Friday, 30 December 2016

Charcoal workshop at Dr D Y Patil College of Architecture ( Nerul )

Art workshop at College

Dr D Y Patil College of Architecture is an institution dedicated to D. Y. Patil Group's mission of imparting modern updated education. It was established in 1992, is recognized by AICTE and affiliated to the University of Mumbai.The institute has made its name in a short period of time. The main emphasis is given to integrating science and technology for the development of student's aptitude towards architecture. The college has excellent infrastructure. Academic excellence is ensured by experienced faculties and facilitated by art facilities.

Dr D Y Patil College of Architecture

Dr D. Y. Patil College of Architecture

Dr D Y Patil College of Architecture

Dr D. Y. Patil College of Architecture

On the 28th of Deccember I was invited to do a Two hours Charcoal Workshop with forty students who had registered their names for the same as a part of the ongoing Student's annual festival "SRUJAN" Students Annual Festival.

I normally take my Art workshop over a period of two days in which I teach about the tools, techniques and do several demo's. ( Total of six hours ). Therefore to complete the "Basics of charcoal workshop" in a two hour period was a challenge and I had to plan and work on it. For me it is important to teach, discuss and then help the participants in creating a few works as a warm up exercise.

Prior to the workshop I had sent a list of topics which I had planned to cover during the workshop such as the following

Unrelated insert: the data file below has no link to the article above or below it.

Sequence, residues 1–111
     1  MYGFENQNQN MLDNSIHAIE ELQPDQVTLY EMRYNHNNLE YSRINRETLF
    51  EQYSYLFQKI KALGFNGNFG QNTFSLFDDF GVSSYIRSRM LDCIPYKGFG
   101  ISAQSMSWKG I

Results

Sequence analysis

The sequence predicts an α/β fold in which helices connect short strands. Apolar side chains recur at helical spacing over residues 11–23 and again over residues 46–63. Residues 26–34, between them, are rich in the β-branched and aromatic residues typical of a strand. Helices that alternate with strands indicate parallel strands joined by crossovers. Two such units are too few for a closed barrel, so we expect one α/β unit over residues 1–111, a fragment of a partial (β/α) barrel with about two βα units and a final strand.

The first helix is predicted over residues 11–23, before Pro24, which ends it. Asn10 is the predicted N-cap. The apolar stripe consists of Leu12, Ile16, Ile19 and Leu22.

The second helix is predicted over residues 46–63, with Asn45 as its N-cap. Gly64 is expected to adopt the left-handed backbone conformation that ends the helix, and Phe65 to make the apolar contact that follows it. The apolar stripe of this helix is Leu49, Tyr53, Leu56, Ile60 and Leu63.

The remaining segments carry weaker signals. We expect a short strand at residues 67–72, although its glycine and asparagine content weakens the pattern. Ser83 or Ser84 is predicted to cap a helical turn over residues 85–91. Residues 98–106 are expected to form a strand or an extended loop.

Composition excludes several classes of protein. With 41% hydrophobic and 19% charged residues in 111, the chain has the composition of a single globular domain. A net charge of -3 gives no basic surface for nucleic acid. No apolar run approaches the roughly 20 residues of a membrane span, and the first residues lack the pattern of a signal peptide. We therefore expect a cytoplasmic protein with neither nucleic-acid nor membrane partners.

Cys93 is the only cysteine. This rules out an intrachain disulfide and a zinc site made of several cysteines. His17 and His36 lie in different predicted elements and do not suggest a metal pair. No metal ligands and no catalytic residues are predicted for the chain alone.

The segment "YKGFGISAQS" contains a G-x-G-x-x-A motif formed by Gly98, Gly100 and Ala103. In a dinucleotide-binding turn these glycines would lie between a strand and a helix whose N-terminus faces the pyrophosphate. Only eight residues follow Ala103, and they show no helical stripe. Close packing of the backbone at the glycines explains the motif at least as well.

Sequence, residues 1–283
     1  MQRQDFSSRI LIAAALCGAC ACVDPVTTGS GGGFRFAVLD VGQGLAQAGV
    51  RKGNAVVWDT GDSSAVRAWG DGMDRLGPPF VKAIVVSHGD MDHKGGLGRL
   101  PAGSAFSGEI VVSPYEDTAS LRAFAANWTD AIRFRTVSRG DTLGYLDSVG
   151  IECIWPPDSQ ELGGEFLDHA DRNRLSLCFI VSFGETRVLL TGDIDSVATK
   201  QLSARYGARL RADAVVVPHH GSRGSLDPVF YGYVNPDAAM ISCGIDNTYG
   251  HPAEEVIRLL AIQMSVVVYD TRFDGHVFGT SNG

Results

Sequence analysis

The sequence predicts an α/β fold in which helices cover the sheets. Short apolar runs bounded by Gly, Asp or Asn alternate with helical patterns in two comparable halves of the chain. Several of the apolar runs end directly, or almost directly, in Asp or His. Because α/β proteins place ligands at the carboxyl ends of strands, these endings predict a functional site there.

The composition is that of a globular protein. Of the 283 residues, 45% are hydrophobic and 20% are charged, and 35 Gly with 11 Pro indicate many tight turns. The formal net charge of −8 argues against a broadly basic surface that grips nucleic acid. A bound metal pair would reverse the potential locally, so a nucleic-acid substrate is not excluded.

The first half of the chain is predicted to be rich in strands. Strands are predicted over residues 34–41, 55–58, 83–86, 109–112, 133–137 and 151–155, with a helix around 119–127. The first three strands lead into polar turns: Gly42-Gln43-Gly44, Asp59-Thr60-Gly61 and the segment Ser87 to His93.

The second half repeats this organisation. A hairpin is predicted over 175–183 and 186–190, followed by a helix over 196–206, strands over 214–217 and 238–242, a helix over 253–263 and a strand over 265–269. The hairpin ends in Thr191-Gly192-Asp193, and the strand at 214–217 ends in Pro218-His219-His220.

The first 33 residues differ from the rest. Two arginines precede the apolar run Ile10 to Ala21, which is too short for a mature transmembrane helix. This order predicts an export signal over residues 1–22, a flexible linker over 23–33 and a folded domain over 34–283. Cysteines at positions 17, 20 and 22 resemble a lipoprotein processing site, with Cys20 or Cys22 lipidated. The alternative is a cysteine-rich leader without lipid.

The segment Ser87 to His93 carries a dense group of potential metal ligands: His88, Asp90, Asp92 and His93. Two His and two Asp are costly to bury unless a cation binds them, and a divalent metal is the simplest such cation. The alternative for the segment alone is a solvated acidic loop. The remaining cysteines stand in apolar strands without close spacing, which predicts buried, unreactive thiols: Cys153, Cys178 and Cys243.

• Use of drawing tools
  • Design and composition 
  • Significance of values
  • Blending and shading
  • Making a mark using pencils and willow charcoal
  • Techniques involved in creating grass, clouds, sky, rocks, mountains, sea, waves, bushes, trees, foliage, door, wall etc
  • Creating an original painting
  • Advantages of regular practice
  • Use of fixatives
  • Framing of paintings
  • Care and preservation
During the workshop I discussed in detail about the tools that I use as an artist to create the Charcoal drawings. ( I have blogged about it earlier with images ). Today there are umpteenth variety of tools available in the market but one has to be selective and decide to use only those which work for his/her kind of work.

 In order to have a better understanding of all the above mentioned topics I demonstrated in bits and pieces ( Different elements such as foliage, door, bushes, door etc ) and the participants followed the same exercise in their drawing sheets. This helped them to get to know their tools for charcoal medium.

using Willow charcoal for creating different marks By Manju Panchal

Using willow charcoal for mark making
( Similar explation was done for using
charcoal pencil as well as charcoal powder )

After getting accustomed to the charcoal tools like the pencil, willow charcoal and the charcoal powder I showed them one of my recent demo works and we discussed the steps involved in creating it.
Charcoal drawing - Demo by Manju Panchal

A demo work that I recently created during
 a charcoal workshop ( Photo reference Courtesy: Geotripper )

In the last hour I started a Charcoal drawing using a photograph as a reference ( Maya Bay ) explaining the steps involved in creating the same. The participants worked along with me and they too created the same work in their Art Book which comprised of cartridge sheets.

As the drawing progressed there was a lot of discussion about the do's and don'ts in charcoal medium and exchange of ideas. I emphasized a lot on creating "Original Drawings" using still life subjects or personal photographs as a reference.

Maya Bay ( Thailand ) photograph by Manju Panchal

Charcoal drawing and sketching demo
in forty five minutes
To understand the value study, techniques
involved in creating sky, clouds, mountains and rocks,
water and waves.